With significant increases to insurance premiums right around the corner, funds are warning Australians to keep an eye on their superannuation balances.
Government legislation that aimed to remove inequities in the super system has taken the blame for the increases in premiums, which range from double-digit bumps on death and disability cover to more than 60% leaps for income protection insurance in some schemes, according to The Guardian.
Already this year, Australian Super premiums have risen by about 20% for members who are insured for income protection, while members of Media Super are facing a 62% increase for income protection insurance this December, bringing monthly premiums to more than $100 for older members.
The warning to consumers comes now because the premium increases are set to come into effect by the end of 2020, yet millions of workers do not currently check their super accounts for new fees and charges on a regular basis. As a result, consumer advocates are sounding the alarm that Australians could pay for insurance cover that they don’t want or need.
In fact, the Australian Financial Complaints Authority (AFCA) has said that this development, which affects industry and retail super funds, has already led to a rise in consumer complaints from people who didn’t know they had insurance or didn’t want insurance, and have in turn asked for a refund of the premiums paid.
“These increases are a timely reminder for people to check if they have insurance in super, what they are paying, what benefit it offers and under what circumstances it will pay out,” said Xavier Halloran, a director at the consumer campaign organisation Choice. “For example, people might be surprised to find that income protection generally provides cover for temporary disabilities and not as the name might suggest for any loss of income.”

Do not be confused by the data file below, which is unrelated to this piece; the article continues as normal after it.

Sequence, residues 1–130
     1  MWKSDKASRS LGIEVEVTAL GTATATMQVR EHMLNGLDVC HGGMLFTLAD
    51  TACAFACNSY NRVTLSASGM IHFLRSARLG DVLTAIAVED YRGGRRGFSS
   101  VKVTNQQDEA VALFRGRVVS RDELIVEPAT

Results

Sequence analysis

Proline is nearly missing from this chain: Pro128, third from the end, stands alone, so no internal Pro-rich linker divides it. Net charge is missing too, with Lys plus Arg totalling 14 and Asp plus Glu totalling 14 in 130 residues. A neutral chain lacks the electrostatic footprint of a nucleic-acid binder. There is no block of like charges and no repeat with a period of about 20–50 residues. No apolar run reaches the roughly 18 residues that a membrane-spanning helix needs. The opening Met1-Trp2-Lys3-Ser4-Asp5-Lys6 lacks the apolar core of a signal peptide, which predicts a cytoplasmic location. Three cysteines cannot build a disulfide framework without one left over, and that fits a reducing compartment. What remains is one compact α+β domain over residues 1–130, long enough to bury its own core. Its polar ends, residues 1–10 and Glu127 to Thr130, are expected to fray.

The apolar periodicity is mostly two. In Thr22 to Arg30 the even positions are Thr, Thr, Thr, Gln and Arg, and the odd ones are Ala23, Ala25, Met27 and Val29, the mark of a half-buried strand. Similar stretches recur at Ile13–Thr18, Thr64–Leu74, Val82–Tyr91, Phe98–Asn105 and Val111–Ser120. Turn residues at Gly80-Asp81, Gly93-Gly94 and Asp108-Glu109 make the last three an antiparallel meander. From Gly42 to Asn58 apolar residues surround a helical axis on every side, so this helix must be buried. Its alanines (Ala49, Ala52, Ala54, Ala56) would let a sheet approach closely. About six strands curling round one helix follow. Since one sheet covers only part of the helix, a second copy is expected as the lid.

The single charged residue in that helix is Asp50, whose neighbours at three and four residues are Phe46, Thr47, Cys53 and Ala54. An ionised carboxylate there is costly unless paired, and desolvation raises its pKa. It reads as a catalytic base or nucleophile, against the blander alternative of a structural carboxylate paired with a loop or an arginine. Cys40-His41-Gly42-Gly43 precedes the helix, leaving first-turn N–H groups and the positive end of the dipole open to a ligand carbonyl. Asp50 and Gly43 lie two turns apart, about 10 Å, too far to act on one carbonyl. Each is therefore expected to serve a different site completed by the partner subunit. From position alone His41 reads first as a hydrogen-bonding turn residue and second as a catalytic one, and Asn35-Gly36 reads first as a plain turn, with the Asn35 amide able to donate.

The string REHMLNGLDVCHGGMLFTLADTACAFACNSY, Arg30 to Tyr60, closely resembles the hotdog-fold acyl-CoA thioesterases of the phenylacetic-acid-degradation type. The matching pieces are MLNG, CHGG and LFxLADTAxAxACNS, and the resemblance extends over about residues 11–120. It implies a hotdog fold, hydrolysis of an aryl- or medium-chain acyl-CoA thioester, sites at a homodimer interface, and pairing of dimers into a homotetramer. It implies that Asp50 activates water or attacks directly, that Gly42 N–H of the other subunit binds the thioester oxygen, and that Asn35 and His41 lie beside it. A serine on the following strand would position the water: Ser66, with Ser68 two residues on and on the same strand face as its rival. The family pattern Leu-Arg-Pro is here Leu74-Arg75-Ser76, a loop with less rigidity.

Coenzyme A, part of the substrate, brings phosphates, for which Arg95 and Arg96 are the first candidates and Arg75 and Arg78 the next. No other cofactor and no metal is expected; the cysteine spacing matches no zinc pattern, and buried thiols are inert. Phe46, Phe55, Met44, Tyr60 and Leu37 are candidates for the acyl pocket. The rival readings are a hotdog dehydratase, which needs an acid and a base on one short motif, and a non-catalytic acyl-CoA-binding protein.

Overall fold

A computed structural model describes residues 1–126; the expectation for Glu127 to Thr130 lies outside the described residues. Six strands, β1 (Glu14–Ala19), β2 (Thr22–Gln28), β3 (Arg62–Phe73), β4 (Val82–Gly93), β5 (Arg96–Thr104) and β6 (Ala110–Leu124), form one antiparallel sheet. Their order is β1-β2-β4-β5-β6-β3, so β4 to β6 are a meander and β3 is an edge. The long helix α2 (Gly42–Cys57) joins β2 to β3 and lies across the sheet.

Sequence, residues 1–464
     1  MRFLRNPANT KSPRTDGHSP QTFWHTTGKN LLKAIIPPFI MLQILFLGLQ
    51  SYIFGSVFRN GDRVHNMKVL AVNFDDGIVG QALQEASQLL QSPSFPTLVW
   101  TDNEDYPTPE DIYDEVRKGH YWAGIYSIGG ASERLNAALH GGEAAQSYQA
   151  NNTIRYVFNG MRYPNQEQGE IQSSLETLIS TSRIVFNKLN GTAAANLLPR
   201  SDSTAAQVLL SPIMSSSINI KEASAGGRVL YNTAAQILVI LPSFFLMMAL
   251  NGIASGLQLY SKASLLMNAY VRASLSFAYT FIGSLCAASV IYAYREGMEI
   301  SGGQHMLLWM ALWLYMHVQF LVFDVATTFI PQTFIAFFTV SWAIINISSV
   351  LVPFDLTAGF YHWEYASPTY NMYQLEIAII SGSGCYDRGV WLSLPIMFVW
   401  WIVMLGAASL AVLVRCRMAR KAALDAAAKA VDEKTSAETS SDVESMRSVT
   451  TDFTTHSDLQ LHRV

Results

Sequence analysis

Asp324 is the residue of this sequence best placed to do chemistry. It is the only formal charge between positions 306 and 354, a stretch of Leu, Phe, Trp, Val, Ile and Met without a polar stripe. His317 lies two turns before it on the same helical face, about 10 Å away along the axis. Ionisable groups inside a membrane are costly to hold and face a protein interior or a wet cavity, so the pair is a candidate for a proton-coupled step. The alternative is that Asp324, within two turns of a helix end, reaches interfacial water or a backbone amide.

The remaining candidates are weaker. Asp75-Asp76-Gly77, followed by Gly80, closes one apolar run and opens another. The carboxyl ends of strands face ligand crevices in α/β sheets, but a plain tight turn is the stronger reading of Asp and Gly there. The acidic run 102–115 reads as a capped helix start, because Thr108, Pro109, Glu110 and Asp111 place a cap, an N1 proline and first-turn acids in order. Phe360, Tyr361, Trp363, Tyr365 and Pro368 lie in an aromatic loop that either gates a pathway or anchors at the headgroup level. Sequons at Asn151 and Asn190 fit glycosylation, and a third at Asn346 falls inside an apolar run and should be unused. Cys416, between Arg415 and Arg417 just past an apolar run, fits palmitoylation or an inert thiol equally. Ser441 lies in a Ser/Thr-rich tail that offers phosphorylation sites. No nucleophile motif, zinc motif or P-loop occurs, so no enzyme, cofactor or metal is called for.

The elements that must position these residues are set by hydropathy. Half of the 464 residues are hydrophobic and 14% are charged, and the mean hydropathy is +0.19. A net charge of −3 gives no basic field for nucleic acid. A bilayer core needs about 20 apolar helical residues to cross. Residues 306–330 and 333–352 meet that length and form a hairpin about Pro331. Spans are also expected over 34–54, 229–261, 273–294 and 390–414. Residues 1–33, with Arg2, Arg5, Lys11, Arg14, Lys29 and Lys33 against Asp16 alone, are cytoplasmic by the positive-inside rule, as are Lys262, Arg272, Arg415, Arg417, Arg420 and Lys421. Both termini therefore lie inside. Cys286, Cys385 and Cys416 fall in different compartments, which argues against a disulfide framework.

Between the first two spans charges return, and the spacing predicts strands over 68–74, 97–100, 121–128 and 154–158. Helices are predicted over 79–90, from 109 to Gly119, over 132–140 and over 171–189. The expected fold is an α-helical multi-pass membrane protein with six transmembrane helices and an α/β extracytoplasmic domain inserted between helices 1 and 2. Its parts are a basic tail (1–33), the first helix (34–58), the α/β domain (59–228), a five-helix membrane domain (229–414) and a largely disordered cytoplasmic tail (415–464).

Paradoxically, the rise in premiums is the result of an industry and government attempt to make the super system fairer. A piece of legislation aimed at people under 25 and those with accounts with less than $6,000 back in April allowed them to opt out of paying insurance on all but one account.
However, the effect of this has been a drop in the number of people paying super insurance, which has in turn meant that insurers needed to increase premiums paid by other members. The Australian Prudential Regulatory Authority’s (APRA) data revealed a 15% decrease in people paying insurance within super accounts, thereby putting more pressure on remaining clients.
“Superannuation funds have been putting a lot of these recently announced price increases down to changes which saw people no longer paying for insurance on duplicate, inactive accounts or in situations where cover may have been inappropriate [for example people who are unemployed],” Halloran told The Guardian. “Overall, the changes are much fairer as less people are paying for policies they can’t claim on.”
Additionally, Nick Kirwan, senior policy manager for life insurance at the Financial Services Council, said it was the job of fund trustees to make sure that the cover offered to members accomplished a balance of giving them meaningful cover at an affordable price. He noted that at the same time, the coronavirus pandemic had led to a rise in mental health issues in Australia, in turn leading to more claims.
“Premium increases are never welcome, but there is a direct link between the total amount paid out in claims and the cost of premiums, and claims have been increasing significantly, especially for mental health conditions,” he said. “Unfortunately, the COVID pandemic is likely to mean that more Australians will experience mental health conditions from the effects of job losses, isolation and financial hardship and this is placing upward pressure on premiums.”